- Four of the last five presidents served a second term
- But the latest odds place the Republicans as the underdog to win the White House in 2020
- Is it worth betting against the incumbent?
The chances of a president serving two full terms are generally pretty good. Four of the last five presidents sailed through to a comfortable reelection, with H.W Bush being the only president to lose a reelection bid in the last 25 years.
That should make the Republican nominee — presumably Donald Trump — the odds-on favorite to win the 2020 Presidential election. But the latest numbers have the Democrats as the favorite to win the next general election. The government shutdown and the debacle over funding for the border wall (which is being paid for by Mexico, right?!) has prompted Vegas to bet big on the Dems to take over the White House.
Is the smart money really honing in on the Democrats, or is this just another red herring?
2020 Presidential Election Odds
|Who Will Be The Winning Party in 2020?||Odds|
According to most metrics, the US economy is doing pretty well. GDP growth is quite high; unemployment is quite low. Under normal times, with a normal president, these economic conditions would make for an easy re-election. But these aren’t normal times and Trump is anything but a normal president.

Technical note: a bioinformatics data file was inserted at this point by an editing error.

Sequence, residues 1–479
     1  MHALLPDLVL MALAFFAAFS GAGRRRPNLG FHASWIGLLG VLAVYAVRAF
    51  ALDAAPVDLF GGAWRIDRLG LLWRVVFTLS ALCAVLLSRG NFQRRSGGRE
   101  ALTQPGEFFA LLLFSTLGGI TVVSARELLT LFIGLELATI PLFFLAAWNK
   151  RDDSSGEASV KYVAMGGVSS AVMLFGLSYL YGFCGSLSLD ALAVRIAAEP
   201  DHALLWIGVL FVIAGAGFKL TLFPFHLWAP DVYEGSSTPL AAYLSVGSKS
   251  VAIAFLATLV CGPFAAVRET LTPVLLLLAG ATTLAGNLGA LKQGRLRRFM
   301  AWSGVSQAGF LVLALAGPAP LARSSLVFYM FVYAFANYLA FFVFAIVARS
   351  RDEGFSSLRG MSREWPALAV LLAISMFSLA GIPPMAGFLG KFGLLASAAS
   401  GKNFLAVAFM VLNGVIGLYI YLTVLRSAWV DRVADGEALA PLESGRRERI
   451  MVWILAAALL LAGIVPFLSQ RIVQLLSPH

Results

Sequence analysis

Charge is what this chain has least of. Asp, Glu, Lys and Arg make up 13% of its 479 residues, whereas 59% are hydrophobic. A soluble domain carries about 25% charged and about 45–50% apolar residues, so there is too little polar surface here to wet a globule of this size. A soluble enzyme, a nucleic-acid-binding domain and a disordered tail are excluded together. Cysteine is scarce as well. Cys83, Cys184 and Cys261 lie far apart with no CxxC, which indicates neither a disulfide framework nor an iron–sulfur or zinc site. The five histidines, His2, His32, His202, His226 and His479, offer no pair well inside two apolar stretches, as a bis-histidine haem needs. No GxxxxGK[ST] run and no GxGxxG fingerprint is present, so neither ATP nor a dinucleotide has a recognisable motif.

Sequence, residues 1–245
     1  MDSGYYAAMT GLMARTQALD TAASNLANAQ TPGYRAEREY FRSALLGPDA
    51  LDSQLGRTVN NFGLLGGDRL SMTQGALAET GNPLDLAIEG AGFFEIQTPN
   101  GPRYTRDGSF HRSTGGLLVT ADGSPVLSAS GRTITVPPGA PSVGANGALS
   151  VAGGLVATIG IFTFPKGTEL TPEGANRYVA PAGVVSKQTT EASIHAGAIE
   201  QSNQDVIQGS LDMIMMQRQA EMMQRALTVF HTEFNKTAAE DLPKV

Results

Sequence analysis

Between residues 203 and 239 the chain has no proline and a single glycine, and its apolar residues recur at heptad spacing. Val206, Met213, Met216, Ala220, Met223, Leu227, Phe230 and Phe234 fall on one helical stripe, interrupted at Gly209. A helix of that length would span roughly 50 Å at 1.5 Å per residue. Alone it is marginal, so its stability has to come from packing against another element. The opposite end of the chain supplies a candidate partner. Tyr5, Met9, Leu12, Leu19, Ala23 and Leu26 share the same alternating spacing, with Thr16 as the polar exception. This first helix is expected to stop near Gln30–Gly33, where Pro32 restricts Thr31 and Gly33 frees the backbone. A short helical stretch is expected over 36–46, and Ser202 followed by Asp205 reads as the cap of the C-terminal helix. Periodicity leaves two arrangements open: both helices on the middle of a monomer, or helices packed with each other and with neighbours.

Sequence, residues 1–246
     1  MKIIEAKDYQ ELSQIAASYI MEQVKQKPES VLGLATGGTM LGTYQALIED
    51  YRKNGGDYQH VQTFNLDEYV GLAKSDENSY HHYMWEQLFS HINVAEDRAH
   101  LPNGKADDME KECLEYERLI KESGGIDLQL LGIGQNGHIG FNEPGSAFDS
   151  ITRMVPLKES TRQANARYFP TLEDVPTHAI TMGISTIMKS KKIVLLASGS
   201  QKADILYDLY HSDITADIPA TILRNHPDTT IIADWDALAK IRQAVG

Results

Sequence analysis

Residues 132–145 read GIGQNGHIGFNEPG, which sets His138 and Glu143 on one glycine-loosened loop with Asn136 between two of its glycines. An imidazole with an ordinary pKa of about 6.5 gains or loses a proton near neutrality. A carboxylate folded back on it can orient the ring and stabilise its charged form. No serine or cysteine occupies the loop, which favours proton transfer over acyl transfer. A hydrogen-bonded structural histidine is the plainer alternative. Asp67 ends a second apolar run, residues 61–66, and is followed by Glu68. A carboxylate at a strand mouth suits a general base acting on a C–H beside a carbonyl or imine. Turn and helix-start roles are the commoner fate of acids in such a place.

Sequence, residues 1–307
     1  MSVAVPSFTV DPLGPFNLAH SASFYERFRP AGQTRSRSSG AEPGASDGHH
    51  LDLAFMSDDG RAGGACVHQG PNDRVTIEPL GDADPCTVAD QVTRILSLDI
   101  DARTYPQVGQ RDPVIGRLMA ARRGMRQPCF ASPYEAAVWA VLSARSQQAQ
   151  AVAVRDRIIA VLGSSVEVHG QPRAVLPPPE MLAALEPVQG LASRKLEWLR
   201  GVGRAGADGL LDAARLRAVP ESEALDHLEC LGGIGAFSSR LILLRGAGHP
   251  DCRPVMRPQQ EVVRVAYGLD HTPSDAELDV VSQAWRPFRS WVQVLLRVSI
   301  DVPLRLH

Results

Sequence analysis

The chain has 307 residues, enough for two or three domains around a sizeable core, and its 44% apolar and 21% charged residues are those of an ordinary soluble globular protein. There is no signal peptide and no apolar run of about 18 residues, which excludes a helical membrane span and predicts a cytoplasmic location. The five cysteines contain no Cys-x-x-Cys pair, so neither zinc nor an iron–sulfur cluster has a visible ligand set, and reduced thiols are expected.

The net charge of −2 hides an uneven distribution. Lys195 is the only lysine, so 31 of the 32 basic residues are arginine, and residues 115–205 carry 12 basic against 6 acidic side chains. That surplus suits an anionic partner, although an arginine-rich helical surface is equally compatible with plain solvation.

While he enjoys an unusually high approval rating from Republican voters, Donald Trump’s nationwide poll numbers have remained steadily in the high-30s to low-40s. There hasn’t been a single period in his presidency when he has consistently polled above 50%. It seems the vast majority of voters have already made up their minds about him, and very few are willing to reconsider their position.
There hasn’t been a single period in Trump’s presidency when he has consistently polled above 50%.
Trump has spent his entire presidency playing to his base. From separating migrant children from their parents to shutting down the government over funding for a border wall, Trump has continually doubled down on policies and positions that are deeply unpopular with the general population.
The 2018 Midterms were a referendum on Trump, and it proved to be a clear rejection of the President and his party. The Democrats picked up 40 seats in the House and won the nationwide popular vote by over seven percent. The Republicans did not unseat a single Democratic incumbent. The American voters sent a very clear message to Washington.
— Donald J. Trump (@realDonaldTrump) January 6, 2019
The Democrats have sensed that 2020 is ripe for picking, and so we should expect a crowded race in the primaries. Elizabeth Warren has already started campaigning, Joe Biden is on the cusp of announcing his bid, and many of the rising stars within the party — Cory Booker, Kamala Harris, Kirsten Gillibrand, and even Beto O’Rourke — appear ready to run. On the Republican end, Jeff Flake and John Kasich have floated the idea of a primary run, but that seems unlikely.
Those who currently support Trump will likely continue to support him regardless of what happens.
Trump’s approval rating is what economists call “inelastic.” Those who currently support him will likely continue to support him regardless of what happens. And those who currently oppose him will just as likely continue to oppose him. That means his approval rating shouldn’t sink too far below the low-40s, but it shouldn’t rise much higher either. That’s very good news for the Democrats.
Pick: Democratic Party (-130)
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